The Indigo Dyeing Technique is an amazing dying and printing procedure that has fascinated many people for centuries. It is also known as the blue gold and Kozii’s team just loves to incorporate it in its collections, over and over again.
The color indigo is named after the wheel blue indigo dye derived from the plant Indigofera tinctoria, common in tropical climates. Cultivation is believed to have begun as far back as 5.000 years in what is today Pakistan and Northwest India. Indigo is the responsible dye for the ultramarine denim color that is so familiar to all of us.
Nowadays, the idea of such a beautiful and special natural dye on natural fibers is certainly appealing amongst eco-friendly earth-conscious designers and consumers, and so is for our team and customers.
Here's a video that shows how this amazing natural dye is transferred onto the fabric:
A typical Indigo vat is about 3 to 5 meters deep and sunk into the floor of a covered area. The contents are like a living organism and must be continuously nurtured. When a vat is started it is filled to about a quarter of its capacity with a thick sandy dye liquor that has been retained from a previous vat. Indigo powder, slaked lime and molasses are then added and the whole thing is topped up with water.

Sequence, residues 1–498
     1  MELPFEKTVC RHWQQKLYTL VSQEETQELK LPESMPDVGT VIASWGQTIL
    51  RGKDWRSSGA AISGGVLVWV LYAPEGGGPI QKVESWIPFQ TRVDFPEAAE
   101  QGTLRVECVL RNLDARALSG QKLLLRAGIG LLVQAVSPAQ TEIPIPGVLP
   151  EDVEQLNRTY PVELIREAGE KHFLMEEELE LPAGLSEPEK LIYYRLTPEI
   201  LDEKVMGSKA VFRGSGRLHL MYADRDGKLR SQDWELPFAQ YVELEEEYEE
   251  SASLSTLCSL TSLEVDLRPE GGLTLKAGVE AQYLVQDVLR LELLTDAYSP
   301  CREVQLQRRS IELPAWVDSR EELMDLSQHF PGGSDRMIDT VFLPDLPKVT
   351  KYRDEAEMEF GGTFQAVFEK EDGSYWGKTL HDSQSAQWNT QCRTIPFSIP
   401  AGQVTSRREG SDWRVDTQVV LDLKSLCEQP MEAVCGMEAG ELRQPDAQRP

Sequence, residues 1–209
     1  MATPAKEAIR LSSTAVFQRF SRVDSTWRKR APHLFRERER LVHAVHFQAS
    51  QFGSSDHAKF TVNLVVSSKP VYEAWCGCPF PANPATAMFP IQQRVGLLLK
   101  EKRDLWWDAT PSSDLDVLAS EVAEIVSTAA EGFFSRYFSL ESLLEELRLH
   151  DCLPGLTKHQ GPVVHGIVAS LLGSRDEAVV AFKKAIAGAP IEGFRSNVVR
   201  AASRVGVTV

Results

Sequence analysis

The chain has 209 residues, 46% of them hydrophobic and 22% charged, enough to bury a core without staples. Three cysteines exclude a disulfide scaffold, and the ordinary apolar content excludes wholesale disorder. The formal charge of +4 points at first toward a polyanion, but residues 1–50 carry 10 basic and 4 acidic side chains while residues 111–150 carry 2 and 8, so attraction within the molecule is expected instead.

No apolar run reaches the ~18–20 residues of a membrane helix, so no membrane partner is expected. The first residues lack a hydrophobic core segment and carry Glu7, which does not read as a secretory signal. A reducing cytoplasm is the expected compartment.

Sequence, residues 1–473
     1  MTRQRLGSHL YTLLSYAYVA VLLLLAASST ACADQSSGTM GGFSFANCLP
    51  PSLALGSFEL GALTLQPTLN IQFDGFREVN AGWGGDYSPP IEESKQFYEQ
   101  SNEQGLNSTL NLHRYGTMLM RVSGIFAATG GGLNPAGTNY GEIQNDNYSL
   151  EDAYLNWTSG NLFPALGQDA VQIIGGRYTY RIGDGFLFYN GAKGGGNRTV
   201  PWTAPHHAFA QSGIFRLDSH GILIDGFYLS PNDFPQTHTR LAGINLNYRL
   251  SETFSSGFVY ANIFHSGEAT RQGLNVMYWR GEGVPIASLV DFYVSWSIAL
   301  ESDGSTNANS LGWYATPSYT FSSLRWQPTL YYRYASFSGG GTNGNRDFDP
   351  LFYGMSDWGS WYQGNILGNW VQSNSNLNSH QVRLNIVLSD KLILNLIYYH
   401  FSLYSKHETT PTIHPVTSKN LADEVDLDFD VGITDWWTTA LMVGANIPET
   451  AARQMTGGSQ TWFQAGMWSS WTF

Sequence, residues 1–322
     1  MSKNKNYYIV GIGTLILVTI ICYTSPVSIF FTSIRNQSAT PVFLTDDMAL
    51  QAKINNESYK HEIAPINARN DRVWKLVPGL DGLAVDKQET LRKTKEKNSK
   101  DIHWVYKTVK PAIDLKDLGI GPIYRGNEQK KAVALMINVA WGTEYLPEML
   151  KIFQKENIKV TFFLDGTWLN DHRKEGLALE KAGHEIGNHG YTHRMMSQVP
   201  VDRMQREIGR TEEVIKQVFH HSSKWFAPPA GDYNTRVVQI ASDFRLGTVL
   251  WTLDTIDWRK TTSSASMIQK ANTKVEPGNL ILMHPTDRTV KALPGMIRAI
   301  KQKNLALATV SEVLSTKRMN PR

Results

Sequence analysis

For the next two weeks the vat is fed daily with these ingredients, until it begins to look and feel ready. Finally, about 20 days after starting, when it is judged perfect, dyeing can begin.
In order to create a pattern area of cloth have to be prepared to resist the dye. This is usually done by block printing with a paste that prevents the dye from penetrating the fabric, but other methods such as tie-dye are also used.
The resist paste is made by mixing earth, slaked lime, a fine powder obtained from the action of insects on stored wheat and water. This mixture is pressed through cloth to give a smooth adhesive paste.
As each length is printed, it is dusted with saw dust to stop it from smudging before it is totally dry. The printed cloths are then dried in the sun before dipping in the vat.
Each time the cloth is dipped and exposed to the air a darker shade of blue is achieved and only when the cloth has its desired shade of blue it is washed to remove the resist paste and any excess indigo that has not adhered to the cloth.